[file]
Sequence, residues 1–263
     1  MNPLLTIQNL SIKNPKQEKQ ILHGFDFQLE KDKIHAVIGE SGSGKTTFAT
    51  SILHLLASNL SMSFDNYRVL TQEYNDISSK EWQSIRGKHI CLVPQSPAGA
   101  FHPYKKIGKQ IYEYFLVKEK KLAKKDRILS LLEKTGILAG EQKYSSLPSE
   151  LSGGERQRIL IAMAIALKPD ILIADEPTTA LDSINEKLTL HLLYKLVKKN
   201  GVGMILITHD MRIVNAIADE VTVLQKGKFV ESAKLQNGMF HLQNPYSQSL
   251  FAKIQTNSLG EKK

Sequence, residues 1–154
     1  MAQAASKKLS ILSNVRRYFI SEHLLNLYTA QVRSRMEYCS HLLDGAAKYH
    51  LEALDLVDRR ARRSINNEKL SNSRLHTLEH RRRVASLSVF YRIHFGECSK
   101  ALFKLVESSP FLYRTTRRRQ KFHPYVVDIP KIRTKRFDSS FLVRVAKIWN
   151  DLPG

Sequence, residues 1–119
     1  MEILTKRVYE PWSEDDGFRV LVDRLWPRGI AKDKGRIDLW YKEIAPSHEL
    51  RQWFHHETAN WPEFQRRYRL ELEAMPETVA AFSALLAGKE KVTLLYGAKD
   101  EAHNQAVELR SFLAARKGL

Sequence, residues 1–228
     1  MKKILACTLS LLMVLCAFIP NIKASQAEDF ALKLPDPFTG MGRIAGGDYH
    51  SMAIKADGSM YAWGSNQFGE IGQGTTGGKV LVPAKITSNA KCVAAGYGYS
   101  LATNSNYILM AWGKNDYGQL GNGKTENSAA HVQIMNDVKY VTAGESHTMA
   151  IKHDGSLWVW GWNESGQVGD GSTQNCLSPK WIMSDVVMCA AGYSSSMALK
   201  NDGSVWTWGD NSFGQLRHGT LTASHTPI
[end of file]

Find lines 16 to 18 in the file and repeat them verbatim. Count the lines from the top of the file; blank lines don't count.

   101  EAHNQAVELR SFLAARKGL

Sequence, residues 1–228
     1  MKKILACTLS LLMVLCAFIP NIKASQAEDF ALKLPDPFTG MGRIAGGDYH